In addition to Wired’s content, French speakers can listen to the podcast Decode quantum to learn more about the discoveries of the 3 quantum scientists who have understood the power of entanglement almost 40 years ago. Since their initial experiments, 3 French Nobel laureates have accelerated the second quantum revolution, which may one day create bio-inspired artificial intelligence based on quantum cognition and neuromorphic computing.
Events switched to a virtual experience during this global crisis triggered by the Covid-19, CogX organised in June 2020 from London was no exception. CreaTech Festival gathered forces to bring Creative Industries together with CogX Festival of AI and Emerging Technology that covered 17 other topics from HealthTech to Smart Cities, FinTech to Blockchain, EdTech to Industries 4.0.
CogX Festival supplements CreaTech Festival among the London Tech scene but competes with the Paris-based VivaTech cancelled this year. I mentioned both events at their inception in previous articles about the emergence of CreaTech Hubs and the move from French Tech to Crea Tech. In my view, CogX brought Tech event organisation to another level aiming at designing a Mindful Tech Xperience for a better future society.
In line with my previous articles, I envision CreaTech as a starting point for creativity & innovation to connect different fields instead of predefined creative sectors such as FashionTech or Digital Media. Furthermore, the CogX Festival also raised long view issues related to ethics & society highlighting current trends in AI from fundamental research to cutting edge technologies, or the so-called DeepTech, to foresee different applications for our future of work and education. CognitionX is building a knowledge-sharing platform and has launched a series of virtual weekly events CogXtra to ensure a responsible transition to an AI-driven society for the next 10 years.
The 2nd CogXtra event addressed the question of The Tech We Want that sounds even more important in a world in crisis. The main challenge is to empower citizens, as explained in a fireside chat with Taiwan’s Digital Minister Audrey Tang, who showcased how CivicTech could help to beat the pandemic and fight against misinformation.
Ultimately, we should ensure AI & data works for people and society thanks to independent organisations like Ada Lovelace Institute, the co-curator of this CogXtra. We need to deal with several issues behind the design of global AI superpowers racing to create an Artificial General Intelligence (AGI), listening to Ben Goertzel, who believes in the decentralisation of such global intelligence.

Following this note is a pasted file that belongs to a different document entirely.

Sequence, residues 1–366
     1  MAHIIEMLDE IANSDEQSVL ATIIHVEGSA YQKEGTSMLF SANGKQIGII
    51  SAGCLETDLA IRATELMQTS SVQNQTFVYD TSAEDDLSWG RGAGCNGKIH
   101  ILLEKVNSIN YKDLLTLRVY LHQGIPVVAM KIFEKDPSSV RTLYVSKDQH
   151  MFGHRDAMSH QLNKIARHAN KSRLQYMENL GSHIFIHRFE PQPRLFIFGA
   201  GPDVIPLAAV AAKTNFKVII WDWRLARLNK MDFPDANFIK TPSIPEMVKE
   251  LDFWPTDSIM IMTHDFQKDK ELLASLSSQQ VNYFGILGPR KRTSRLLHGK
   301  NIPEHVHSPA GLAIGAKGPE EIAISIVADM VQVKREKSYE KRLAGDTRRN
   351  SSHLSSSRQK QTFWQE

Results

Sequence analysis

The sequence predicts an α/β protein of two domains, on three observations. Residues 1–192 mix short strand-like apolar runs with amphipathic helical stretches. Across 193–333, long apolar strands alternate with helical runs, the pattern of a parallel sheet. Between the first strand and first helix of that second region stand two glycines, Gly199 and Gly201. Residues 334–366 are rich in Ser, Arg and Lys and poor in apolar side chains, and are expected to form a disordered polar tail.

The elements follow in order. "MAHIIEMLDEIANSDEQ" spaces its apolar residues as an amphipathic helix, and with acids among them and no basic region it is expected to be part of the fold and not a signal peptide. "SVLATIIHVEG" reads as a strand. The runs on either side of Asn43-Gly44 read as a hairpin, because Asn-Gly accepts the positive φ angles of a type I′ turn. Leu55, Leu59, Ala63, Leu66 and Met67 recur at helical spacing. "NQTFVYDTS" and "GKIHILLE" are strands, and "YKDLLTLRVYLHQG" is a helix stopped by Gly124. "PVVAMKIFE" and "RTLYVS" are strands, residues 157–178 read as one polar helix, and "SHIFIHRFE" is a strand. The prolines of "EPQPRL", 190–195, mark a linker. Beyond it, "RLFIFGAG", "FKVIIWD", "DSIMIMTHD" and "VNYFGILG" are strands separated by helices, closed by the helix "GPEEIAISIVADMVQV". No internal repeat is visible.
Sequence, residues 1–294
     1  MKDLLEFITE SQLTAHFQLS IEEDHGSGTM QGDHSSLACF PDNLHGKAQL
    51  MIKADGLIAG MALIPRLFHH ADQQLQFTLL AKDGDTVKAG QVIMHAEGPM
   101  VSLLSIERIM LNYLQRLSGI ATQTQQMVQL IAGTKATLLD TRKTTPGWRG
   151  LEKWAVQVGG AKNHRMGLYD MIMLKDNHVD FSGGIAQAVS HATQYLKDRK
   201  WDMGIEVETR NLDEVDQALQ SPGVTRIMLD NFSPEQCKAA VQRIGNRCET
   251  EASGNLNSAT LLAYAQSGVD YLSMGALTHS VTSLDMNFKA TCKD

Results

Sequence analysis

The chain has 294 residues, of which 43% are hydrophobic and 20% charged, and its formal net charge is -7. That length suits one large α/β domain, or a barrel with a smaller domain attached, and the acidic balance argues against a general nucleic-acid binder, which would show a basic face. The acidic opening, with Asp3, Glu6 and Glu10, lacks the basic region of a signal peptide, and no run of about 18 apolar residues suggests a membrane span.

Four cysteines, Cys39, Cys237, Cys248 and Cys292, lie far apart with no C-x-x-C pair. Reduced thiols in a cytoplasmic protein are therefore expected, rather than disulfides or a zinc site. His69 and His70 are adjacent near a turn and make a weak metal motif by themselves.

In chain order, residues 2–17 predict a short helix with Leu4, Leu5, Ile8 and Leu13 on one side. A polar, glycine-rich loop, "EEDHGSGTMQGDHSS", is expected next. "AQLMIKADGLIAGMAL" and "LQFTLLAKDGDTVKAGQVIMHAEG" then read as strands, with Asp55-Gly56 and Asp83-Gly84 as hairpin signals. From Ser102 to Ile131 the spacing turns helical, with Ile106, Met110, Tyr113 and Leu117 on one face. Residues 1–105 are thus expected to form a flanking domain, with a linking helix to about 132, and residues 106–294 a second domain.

I recommend you to watch the panel “How Autonomy Fosters General Intelligence in Robots” from CogX 2020 to understand ethical issues raised by Sam Williams who challenged Ben Goertzel about the risk of losing control in a decentralised network. In contrast, Ben reminds us of the risk of global powers led by totalitarian regimes controlling an AGI that may happen sooner than we think in his point of view.
The StartMeUpHK Festival has showcased the strengths of the city as a start-up hub, namely retail technology, fashion technology, smart city, financial technologies and digital health. This innovation hub takes advantage of the proximity with Shenzhen: The Silicon Valley of Hardware to manufacture electronics and to develop new technologies. That’s why the Hong Kong/Shenzhen Innovation and Technology Park is seen as a relevant scheme to associate the innovation excellence of both cities. This innovation centre should foster Deep Tech such as Artificial Intelligence, robotics or electronics.
The drones leader DJI has just opened a lab HKUST-DJI at the university where the startup was created before moving to Shenzhen. Since Hong Kong startups can benefit from the hardware ecosystem at their doorstep with electronics made in Shenzhen, they should focus on software technologies based on artificial intelligence to program drones, robots, etc. As an example, the Shenzhen-based company Huawei has set up an R&D centre Noah’s Ark Lab in Hong Kong dedicated to artificial intelligence. Other mainland companies may follow this strategy.
Hong Kong gathers leading technologists and scientists through high-level international universities that can transfer disruptive Deep Tech to well-established companies. They should also create startups with the support of entrepreneurship centres and startup platform such as HK X Tech who were mentors at the last Startup Weekend (which I helped organise with the HKUST). Startups accelerators are also great innovation catalysts to support DeepTech development. As an example, the accelerator Zeroth.ai envisions Hong Kong as a leading hub in Asia for Artificial Intelligence.
This article is part of the Hong Kong — Shenzhen Innovation Hub series.